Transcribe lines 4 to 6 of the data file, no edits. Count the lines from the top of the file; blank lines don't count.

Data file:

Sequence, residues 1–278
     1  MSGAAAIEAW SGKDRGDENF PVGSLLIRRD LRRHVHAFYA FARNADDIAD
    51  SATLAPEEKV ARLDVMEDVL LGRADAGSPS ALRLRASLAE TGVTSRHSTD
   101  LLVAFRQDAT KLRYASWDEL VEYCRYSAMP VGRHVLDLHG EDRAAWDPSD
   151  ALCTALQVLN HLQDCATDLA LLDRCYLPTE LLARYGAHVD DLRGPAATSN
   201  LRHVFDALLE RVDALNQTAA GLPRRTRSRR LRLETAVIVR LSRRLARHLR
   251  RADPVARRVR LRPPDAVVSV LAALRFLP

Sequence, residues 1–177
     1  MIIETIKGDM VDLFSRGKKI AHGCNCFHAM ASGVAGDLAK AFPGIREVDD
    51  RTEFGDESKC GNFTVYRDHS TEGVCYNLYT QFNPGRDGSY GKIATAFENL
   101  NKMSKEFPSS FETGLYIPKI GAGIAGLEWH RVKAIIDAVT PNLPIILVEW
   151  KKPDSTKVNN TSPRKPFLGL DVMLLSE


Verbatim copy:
   101  LLVAFRQDAT KLRYASWDEL VEYCRYSAMP VGRHVLDLHG EDRAAWDPSD
   151  ALCTALQVLN HLQDCATDLA LLDRCYLPTE LLARYGAHVD DLRGPAATSN
   201  LRHVFDALLE RVDALNQTAA GLPRRTRSRR LRLETAVIVR LSRRLARHLR